UNICEF Sweden has launched a new campaign that tells people who Tweet about their cause or like their Facebook page fail to make a difference – and could put a life in jeopardy. It’s essentially a shaming campaign, as outlined in this Atlantic article.I don’t like to single out campaigns, but this one troubles me since it relies on emotion in a way that I don’t find constructive. Here are some examples of the campaign messages. The gist is, if you spread the word instead of donating, a boy could die and a child won’t be vaccinated. How does that make you feel? Maybe Swedes enjoy this kind of message and approach, but I am skeptical. Here’s what I don’t like about the campaign.1. Shame rarely inspires action in any culture. It just makes people feel bad – and turn away. Ask Brene Brown.2. Mocking the action of spreading the word about a cause discourages one of the most powerful forces anyone can put to work for a cause – word of mouth.3. It ignores the fact that social networks are supposed to be about relationships. It seems to be demanding a transactional mentality in a social setting.4. I am not sure the organization did their audience research. A lot of assumptions are inherent in this approach. Are they sure people on social networks have never given to UNICEF? Do they have data suggesting social networking and giving are mutually exclusive (doubtful)? Are people active on social networks their best target audience for giving? Is forcing an either/or choice better for fundraising than letting people do both?I bet this campaign will get people talking, but I doubt it will inspire giving. Which is deeply ironic given its message.For a smarter way to look at so-called slacktivism, watch this. As Julie Dixon says, based on this body of research, “Influence is important.”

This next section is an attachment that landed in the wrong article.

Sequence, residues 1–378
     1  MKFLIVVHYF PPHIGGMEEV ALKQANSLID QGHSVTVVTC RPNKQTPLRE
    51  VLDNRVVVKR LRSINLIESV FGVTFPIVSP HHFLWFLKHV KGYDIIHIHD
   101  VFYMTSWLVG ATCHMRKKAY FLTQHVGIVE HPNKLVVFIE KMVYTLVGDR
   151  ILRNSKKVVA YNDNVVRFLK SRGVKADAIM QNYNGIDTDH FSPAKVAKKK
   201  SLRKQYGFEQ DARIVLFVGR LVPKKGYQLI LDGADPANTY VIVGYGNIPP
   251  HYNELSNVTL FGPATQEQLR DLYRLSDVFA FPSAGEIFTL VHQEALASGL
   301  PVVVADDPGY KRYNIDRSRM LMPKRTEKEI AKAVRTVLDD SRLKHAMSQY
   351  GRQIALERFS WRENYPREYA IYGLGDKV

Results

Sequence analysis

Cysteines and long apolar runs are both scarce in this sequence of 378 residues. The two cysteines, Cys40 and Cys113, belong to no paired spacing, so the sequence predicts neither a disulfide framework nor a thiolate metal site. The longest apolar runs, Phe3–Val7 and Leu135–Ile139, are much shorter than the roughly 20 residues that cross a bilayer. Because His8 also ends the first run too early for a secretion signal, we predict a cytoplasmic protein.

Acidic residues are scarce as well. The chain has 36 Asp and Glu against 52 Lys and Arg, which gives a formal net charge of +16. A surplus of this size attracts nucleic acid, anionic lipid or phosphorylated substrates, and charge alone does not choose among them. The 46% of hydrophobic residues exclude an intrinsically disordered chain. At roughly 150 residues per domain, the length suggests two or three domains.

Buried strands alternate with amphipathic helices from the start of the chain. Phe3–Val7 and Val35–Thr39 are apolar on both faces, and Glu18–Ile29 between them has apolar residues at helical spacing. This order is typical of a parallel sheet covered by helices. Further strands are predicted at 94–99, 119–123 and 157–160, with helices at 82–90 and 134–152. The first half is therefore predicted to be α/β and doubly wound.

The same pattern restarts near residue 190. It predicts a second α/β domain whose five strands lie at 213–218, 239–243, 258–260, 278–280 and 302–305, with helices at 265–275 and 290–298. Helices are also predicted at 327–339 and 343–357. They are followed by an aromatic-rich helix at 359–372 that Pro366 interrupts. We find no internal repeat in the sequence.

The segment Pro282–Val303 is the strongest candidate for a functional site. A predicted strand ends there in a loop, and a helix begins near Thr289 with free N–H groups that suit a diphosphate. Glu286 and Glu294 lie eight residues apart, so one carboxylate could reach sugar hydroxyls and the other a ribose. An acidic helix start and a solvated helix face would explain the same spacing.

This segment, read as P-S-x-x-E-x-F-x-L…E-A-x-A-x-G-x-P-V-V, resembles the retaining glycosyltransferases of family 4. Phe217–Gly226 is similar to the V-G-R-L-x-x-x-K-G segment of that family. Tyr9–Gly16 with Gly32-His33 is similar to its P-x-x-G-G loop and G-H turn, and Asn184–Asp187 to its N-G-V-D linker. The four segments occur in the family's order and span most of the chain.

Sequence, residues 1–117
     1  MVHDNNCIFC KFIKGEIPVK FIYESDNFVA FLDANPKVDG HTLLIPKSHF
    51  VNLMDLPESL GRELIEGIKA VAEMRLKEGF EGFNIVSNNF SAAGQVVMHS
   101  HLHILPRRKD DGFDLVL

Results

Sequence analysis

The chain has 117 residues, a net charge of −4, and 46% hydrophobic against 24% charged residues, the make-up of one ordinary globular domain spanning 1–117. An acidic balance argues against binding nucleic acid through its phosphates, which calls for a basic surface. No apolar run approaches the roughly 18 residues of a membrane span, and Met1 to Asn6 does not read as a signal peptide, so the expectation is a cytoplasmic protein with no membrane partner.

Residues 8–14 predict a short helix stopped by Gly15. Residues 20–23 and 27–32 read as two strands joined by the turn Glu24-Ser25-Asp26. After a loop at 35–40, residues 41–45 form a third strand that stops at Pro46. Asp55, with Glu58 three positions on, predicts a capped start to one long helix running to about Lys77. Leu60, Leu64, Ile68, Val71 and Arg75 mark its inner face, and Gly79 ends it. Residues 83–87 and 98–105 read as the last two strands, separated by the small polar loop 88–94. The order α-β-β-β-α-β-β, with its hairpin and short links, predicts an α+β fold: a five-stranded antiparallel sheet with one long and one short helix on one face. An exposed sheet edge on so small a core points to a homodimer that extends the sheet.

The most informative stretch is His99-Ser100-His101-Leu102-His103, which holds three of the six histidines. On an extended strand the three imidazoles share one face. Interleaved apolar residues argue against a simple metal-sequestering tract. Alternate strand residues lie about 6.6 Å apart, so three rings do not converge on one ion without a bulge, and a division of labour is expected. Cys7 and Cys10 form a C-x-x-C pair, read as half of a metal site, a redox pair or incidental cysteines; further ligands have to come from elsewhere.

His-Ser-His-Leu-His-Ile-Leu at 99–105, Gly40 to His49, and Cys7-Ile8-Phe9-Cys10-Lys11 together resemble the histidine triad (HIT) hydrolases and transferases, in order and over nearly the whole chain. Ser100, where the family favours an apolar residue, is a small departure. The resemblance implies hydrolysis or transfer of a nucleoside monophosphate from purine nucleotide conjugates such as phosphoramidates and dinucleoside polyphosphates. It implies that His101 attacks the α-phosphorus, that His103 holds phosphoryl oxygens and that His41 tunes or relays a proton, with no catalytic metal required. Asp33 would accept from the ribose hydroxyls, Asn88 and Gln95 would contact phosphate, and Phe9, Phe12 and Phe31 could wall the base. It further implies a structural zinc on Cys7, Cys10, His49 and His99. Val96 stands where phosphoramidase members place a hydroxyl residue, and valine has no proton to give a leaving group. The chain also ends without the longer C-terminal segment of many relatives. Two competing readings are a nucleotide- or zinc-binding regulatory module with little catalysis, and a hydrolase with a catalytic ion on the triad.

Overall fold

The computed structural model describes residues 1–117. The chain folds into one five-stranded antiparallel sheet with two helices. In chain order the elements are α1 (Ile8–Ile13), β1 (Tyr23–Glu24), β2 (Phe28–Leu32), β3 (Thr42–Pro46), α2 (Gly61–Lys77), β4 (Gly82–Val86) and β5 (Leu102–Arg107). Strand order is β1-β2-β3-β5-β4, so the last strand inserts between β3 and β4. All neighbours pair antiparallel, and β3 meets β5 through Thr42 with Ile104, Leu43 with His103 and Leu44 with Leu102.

In honor of Social Media Week, I asked a few of our favorite nonprofit experts to weigh in with their personal picks for nonprofits who are hitting it out of the park on social media. Here’s what they had to say:Mark RovnerPrincipal, Founder & CEO, Sea Change Strategies National Audubon SocietyWhere I follow them: Facebook and TwitterWhy they’re so awesome: Social media manager Elizabeth Sorrell knows her audience and feeds them a generous supply of bird photos, interactive challenges, and conservation news. She’s made the Facebook page incredibly fun and lively, and the extremely high level of engagement is testimony to that.Darian Rodriguez HeymanCo-Founder, Social Media for Nonprofitscharity:waterWhere I follow them: TwitterWhy they’re so awesome: Everyone talks about how amazing charity:water is at outreach, but one specific thing they’ve done on Twitter to get to over one million (!) followers is their “photo of the day” campaign. They use the assets they have incredibly well, and that’s the key to their success.Alia McKeePrincipal, Sea Change Strategies and founder, LifeboatAmnesty International Where I follow them: Facebook and Twitter Why they’re so awesome: They are timely, relevant, authentic. They use engagement data to optimize their social media communications. They use social media as a listening tool to tap into what their supporters are thinking and feeling about human rights. That info gets communicated to the fundraising and advocacy teams and informs integrated campaign opportunities. David HartsteinWired ImpactNo Kid Hungry Where I follow them: Twitter, Facebook, and Google+Why they’re so awesome: From the name of the organization to the information they share, No Kid Hungry does an awesome job of communicating their mission in a clear way. On social media, they vary the content they share to provide a wealth of value to those interested in ending childhood hunger in America. Despite their sizable following, they take the time to engage with individuals, responding and thanking supporters publicly. No Kid Hungry sets a great example for all types of organizations.Joe WatersSelfish Giving and author of Fundraising with BusinessesGeorge Washington’s Mount VernonWhere I follow them: Twitter and PinterestWhy they are awesome: They do a wonderful job creating unique content for their site and promoting it on social networks. For example, in October they really captured the macabre spirit of Halloween. They had a great post on people who had claimed to see Washington’s ghost through the years. Thanks to their activity on Twitter, I recently discovered a detailed post on how Mount Vernon looked when Washington lived there in the 18th century. Finally, Mount Vernon doesn’t restrict their content to text. They also have an active YouTube channel. Check out this video on Washington’s dentures! As a guy who follows and loves history, Mount Vernon really makes it come alive!Want to improve your organization’s social savvy? Download our free social media guide.